Indeed, the new configuration of the rail line has garnered the support of CN Railway as well. “There has been a lot of focus on the North Shore corridor in terms of capacity,” Lige continued. “There were questions about the bridge and the number of trains that can get across, especially given the expansion projects of other facilities, so there was some concern over creating a chokepoint.” However in reality, Fibreco will actually be creating a better system that will improve the fluidity of cars coming in and out of the North Shore for the facility.  “Manifest trains require more storage for rail cars but with unit trains, we can bring the full train in and process it within a 24-hour period. It’s much more efficient.”

Permits and timing

As any terminal operator in the Lower Mainland can attest and Fibreco can confirm, obtaining permits for changes can be a lengthy and detailed process. The Fibreco team started in the second half of 2015 with preliminary designs and early discussions with regulators, including the District of North Vancouver for development permits; the Vancouver Fraser Port Authority for water side improvements; and Metro Vancouver for air emissions permit amendments.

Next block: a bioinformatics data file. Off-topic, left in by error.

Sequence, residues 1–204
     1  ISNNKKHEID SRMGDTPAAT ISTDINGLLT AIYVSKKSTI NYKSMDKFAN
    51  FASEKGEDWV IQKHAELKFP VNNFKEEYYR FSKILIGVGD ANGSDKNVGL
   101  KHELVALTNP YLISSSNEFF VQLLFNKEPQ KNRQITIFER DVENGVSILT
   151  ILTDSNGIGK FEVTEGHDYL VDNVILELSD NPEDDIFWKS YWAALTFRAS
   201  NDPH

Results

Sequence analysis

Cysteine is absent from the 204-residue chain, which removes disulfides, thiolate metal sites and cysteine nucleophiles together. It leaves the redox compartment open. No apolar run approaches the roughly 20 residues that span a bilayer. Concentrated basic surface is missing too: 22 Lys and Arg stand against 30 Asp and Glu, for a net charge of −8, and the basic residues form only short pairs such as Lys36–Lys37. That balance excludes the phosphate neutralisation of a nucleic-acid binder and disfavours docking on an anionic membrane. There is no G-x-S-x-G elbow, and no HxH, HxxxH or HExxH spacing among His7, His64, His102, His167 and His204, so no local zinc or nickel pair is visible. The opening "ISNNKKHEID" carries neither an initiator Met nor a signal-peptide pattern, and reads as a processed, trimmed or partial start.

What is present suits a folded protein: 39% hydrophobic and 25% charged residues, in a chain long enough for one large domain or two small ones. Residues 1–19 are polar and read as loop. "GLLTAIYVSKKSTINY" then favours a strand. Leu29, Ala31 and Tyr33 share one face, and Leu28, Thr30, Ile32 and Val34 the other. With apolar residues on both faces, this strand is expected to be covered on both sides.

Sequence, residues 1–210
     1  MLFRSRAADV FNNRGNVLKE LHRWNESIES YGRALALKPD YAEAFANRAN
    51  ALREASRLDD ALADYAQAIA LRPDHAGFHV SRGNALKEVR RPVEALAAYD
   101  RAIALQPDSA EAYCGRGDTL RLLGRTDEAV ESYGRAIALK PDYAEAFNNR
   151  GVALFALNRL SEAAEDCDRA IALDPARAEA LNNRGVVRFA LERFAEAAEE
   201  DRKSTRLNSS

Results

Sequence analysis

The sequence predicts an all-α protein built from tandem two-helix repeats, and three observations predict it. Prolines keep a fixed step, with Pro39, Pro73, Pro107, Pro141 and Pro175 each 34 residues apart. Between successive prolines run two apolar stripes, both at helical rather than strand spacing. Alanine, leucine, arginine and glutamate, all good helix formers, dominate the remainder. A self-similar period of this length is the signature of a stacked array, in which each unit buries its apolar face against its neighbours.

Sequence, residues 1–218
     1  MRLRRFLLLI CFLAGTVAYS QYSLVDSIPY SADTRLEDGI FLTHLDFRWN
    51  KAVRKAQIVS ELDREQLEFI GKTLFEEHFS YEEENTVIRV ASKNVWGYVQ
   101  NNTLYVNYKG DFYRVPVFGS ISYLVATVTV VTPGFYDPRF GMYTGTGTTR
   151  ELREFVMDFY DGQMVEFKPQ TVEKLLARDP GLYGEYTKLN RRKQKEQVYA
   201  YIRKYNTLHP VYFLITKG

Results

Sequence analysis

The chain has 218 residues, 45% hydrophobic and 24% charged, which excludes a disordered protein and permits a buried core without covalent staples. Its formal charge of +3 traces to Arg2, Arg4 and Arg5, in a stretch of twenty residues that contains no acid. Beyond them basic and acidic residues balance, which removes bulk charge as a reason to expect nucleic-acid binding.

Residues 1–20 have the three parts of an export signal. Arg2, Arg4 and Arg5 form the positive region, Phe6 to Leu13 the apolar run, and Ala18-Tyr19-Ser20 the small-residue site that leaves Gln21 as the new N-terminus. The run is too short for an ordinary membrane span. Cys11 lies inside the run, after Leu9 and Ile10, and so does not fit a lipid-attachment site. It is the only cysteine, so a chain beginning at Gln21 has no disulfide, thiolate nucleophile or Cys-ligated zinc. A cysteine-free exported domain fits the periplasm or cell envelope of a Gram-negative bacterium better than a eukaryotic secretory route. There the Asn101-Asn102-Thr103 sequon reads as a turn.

Permit approval has already been received from the Port and Metro Vancouver. By the time this article goes to print, Lige is hopeful he’ll have the District of North Vancouver’s approval in hand. “We have our board approval (subject to permits), our financing is in the final stages of being put in place, and, assuming the DNV provides a positive approval, we’ll be ready to break ground in March. It should take a full year to complete so we’re looking at about Q2 2019 to be operational.”

Future operations

Once fully operational, Lige expects to see up to 70 ship visits per year with a combination of Handymax and Panamax sizes to accommodate both the two million tonnes of AGT cargo and the estimated one million tonnes of wood pellets. “The pellet business continues to be a good base of business for us,” Lige said. “The beauty of this Terminal Enhancement Project is that it supports the aging infrastructure for the pellet business as well as accommodating the new agri-food business.”

To say the least, the new foray into agriculture products bodes well for Fibreco.